Technology in The Expanse isn't presumptively beneficial to all, but a volatile force that reshapes the terms of conflict between human institutions fighting for their material interests. Heinous violations of autonomy and dignity become possible when there is no planetary commons, leading to uniquely spaceborne forms of exploitation. It's hard to win a labor strike when your employers control the very air. Like the corporate oligarch Jules-Pierre Mao (Francois Chau), Bezos would be a faction unto himself on The Expanse, and a dangerous one.

I think we all know how this plays out...

— The Expanse (@ExpanseOnPrime) May 9, 2019

The future of The Expanse dramatizes many of the dark portents read into Bezos and his billionaire peers, including Elon Musk's SpaceX and Richard Branson's Virgin Galactic, who are fixing their eyes on space just as thorough climate science outlines decades of poverty, mass species extinction, famine and refugee crises.

Articles like The Guardian's "How tech's richest plan to save themselves after the apocalypse" and our own "Star Wars Class Wars" have become a microgenre, outlining the ways the global rich, whose floating capital will never chain them like other climate victims, are preparing to pull up the ladder and keep the rabble out.

This class struggle depicted in The Expanse doesn't require disbelieving the Amazon founder's paradisal intent for humanity. "These are really pleasant places to live," Bezos said of his O'Neill colonies. "This is Maui on its best day, all year long." But it does center what Bezos sets aside.

"We have to realize that there are immediate problems, things that we have to work on. And we are working on those things," Bezos said, in his one concession to the immediate material concerns often weighed against the costs of space programs. "I'm talking about poverty, hunger, homelessness, pollution, overfishing in the oceans, this is a very long list of urgent, immediate problems. And we need to work on those things, urgently, in the here and now. But, there are also long-range problems. And we need to work on those too."

The Expanse argues Earth's problems are inextricable from an extraplanetary humanity. Colonizing space without redress would recreate and magnify them across vast distances and populations.

Owner of Mao-Kwikowski Mercantile, Jules-Pierre Mao (Francois Chau) represents the capitalist faction on "The Expanse," who works toward a utopia that will benefit some more than others. Amazon Studios

"We can have a trillion humans in the solar system," Bezos said in his presentation. "Which means we could have a thousand Mozarts and a thousand Einsteins. This would be an incredible civilization."

His words also evoke an essay by evolutionary biologist Stephen Jay Gould, which laments a loss of potential Einsteins to the "near certainty that people of equal talent have lived and died in cotton fields and sweatshops." How many Mozarts and Einsteins are urinating in bottles in a far corner of an Amazon warehouse, unable to find purchase in an economy built to funnel vast rewards to a narrow slice of the population? In space, The Expanse shows, those Mozarts and Einsteins are even easier to squish.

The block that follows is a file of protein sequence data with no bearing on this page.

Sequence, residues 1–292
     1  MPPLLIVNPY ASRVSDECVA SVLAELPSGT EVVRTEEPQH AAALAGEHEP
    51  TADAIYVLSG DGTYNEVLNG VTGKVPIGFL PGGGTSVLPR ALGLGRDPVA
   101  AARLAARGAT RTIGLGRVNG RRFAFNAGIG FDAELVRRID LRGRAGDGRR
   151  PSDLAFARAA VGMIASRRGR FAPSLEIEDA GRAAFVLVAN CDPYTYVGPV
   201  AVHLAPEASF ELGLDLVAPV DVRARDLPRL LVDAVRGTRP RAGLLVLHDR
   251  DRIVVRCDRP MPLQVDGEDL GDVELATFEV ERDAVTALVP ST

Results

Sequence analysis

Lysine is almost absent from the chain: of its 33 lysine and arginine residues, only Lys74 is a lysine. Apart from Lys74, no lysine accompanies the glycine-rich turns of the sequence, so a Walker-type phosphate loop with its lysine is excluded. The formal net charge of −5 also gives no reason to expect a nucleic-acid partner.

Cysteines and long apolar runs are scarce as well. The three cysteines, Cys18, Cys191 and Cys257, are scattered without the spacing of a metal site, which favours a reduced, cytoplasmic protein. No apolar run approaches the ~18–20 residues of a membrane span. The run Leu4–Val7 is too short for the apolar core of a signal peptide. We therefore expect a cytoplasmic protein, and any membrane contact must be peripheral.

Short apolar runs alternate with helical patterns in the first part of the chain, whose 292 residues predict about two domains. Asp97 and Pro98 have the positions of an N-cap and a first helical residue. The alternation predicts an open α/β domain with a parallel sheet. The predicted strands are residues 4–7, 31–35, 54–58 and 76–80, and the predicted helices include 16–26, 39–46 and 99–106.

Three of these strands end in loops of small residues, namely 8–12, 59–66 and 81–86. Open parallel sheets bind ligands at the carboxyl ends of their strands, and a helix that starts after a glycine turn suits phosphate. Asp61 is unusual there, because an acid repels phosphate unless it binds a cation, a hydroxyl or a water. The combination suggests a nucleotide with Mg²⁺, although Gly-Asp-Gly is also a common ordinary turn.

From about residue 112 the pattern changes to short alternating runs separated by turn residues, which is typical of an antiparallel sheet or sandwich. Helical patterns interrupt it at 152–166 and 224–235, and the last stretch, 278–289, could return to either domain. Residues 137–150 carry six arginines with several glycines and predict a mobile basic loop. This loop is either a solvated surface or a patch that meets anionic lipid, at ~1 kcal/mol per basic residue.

Or at least underutilize, like the main characters of The Expanse, the blue collar crew of the Rocinante, who find themselves at the center of systemwide politics after an extraordinary set of circumstances pull them from their lives of mega-corporate drudgery. Bezos imagines a future built by the singular—Mozarts and Einsteins emerging from dorm rooms with the next big idea—but The Expanse asks what happens when the traditionally disempowered are handed the controls instead.

Bezos Capitalism vs. Luxury Space Communism

While The Expanse exposes the tensions complicating a future built by the entrepreneurial class, science fiction can accomplish even more than modeling today's tensions across theoretical futures. In novels like The Dispossessed and her novella The Word for World is Forest, the late science fiction grandmaster Ursula K. Le Guin imagines radically different societies, built of different assumptions than the Bezos future.

The Dispossessed is set on two neighboring planets, the capitalist Urras, which is much like our world, and Anarres, where a breakaway society lives off the precepts of anarchist and communist thinkers like Peter Kropotkin and Paul Goodman. Science-fictionalized as Odonian separatists, the society built on Le Guin's Anarres works on principles Bezos denounces in his survey of future space colonization.

Avon Books

"What happens when unlimited demand meets finite resources? The answer is incredibly simple: rationing," Bezo said. "That's a bad path. There's good news. The good news is: If we move out into the solar system, for all practical purposes, we have unlimited resources. So, we get to choose: do we want stasis and rationing, or do we want dynamism and growth? This is an easy choice."

It's not such an easy choice in The Dispossessed, which refuses both consumer demand as a universal constant and the conflation of endless economic growth with human dynamism. Where Bezos assumes a future shaped by the same market forces that built Amazon, Anarreans practice horizontal decision making, shared between syndicates and other community-organized economic participants.

Even if Bezos is right that the exploitation of space will provide us unlimited resources, allowing us to "off-planet" pollution and resource-extraction—Bezos imagines an Earth "zoned residential and light industry"—the path he describes to this future surrenders the intervening years to climate change disaster, the inevitable result of pursuing an endless growth model on a finite planet.